There’s also something called augmented virtuality (AV), in which real-world elements like objects or people are added back into an otherwise VR scene. Anything that’s not pure PR or VR may be classified as mixed reality (MR).
There’s some tremendously exciting work going on in this area. For example, as I wrote in Kura’s AR Glasses are Meta-Droolworthy, a company called Kura is working on a set of AR glasses that are presented in a regular eyeglass form-factor while offering a mindboggling 8K x 6K per eye resolution (that’s about 50M pixels per eye) with an unlimited depth of field! Regarding an alternative to eyeglasses, as I wrote in Did the Metaverse’s Holy Grail Just Arrive?, there’s a company called Swave that describes what they are working on as follows: “Our HXR technology is the Holy Grail of the metaverse, delivering lifelike, high -resolution 3D images that are viewable with the naked eye, with no compromises. HXR technology enables 1000x better pixel resolution with billions of tiny, densely packed pixels to enable true realistic 20/20 vision without requiring viewers to wear smart AR/VR headsets or prescription glasses.”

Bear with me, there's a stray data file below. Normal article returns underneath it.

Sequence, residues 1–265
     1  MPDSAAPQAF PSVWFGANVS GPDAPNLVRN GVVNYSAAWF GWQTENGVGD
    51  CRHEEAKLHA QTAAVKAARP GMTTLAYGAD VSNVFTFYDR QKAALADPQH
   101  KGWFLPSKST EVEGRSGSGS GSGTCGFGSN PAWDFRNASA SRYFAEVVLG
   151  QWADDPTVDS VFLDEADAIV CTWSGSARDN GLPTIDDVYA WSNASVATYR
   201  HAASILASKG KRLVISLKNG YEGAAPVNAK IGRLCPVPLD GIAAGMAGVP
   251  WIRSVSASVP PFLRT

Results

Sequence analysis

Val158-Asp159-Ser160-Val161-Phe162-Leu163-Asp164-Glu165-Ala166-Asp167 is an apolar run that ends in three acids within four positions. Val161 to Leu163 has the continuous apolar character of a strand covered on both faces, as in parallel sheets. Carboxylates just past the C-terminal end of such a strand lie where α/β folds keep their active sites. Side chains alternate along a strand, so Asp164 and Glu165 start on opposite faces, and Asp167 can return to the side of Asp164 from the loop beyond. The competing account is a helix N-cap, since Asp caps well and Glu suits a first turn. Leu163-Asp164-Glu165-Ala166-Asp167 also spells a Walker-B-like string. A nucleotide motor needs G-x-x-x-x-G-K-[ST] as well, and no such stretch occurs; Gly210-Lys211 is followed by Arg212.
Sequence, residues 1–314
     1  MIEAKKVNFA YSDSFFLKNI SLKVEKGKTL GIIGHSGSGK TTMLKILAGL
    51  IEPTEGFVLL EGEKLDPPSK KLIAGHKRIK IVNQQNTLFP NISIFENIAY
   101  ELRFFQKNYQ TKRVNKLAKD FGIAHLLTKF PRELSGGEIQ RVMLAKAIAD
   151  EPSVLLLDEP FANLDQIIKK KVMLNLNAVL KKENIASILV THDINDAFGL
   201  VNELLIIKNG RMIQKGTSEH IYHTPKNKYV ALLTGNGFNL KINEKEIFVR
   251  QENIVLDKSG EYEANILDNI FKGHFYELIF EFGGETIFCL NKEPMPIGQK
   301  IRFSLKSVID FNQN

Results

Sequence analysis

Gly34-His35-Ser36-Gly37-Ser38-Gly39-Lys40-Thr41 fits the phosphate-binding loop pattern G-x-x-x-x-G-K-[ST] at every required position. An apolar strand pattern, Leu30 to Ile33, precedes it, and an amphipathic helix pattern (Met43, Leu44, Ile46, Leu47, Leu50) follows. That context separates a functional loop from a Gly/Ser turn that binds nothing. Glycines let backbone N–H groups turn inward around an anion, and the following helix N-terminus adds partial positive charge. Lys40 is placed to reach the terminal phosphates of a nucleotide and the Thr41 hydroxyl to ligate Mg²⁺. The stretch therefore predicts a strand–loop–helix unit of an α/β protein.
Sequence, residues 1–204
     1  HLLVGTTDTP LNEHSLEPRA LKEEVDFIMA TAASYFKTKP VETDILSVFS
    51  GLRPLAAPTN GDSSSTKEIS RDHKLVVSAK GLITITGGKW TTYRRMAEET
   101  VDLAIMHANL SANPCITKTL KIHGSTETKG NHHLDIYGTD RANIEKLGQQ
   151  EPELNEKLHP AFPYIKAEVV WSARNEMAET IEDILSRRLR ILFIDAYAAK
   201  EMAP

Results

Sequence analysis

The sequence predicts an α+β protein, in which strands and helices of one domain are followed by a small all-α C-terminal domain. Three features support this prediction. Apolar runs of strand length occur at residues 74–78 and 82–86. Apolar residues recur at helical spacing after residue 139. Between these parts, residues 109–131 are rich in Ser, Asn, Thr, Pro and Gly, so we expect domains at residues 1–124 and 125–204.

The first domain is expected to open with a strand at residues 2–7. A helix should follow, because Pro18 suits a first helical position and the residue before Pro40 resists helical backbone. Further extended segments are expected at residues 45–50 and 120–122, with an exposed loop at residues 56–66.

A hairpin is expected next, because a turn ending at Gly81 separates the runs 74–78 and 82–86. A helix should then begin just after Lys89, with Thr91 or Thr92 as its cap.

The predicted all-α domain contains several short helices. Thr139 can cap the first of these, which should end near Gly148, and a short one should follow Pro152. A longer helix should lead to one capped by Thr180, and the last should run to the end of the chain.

Have you seen the AR app created by Google that you can run on your smartphone? When you are in a foreign country and you see a sign, for example, you can look at it through your smartphone’s camera on its screen and, although the boundaries of the sign remain as is, the words change to be in your own language. I can easily visualize a time in the not-so-distant future when, if someone is traveling abroad, their MR headsets automatically translate any written and spoken words into the language of their choice.
I honestly believe that MR is coming, and that it will be with us sooner than we think. When I look back on the ways in which technology has changed in the past 50 years, and when I consider how things seem to be accelerating, I think MR at the level we currently regard as being the stuff of science fiction will be with us sometime in the next 10 to 20 years. And, when this does come into fruition, I believe it will dramatically change the ways in which we interact with our systems, the world, and each other. How about you? Do you have any thoughts you’d care to share on this?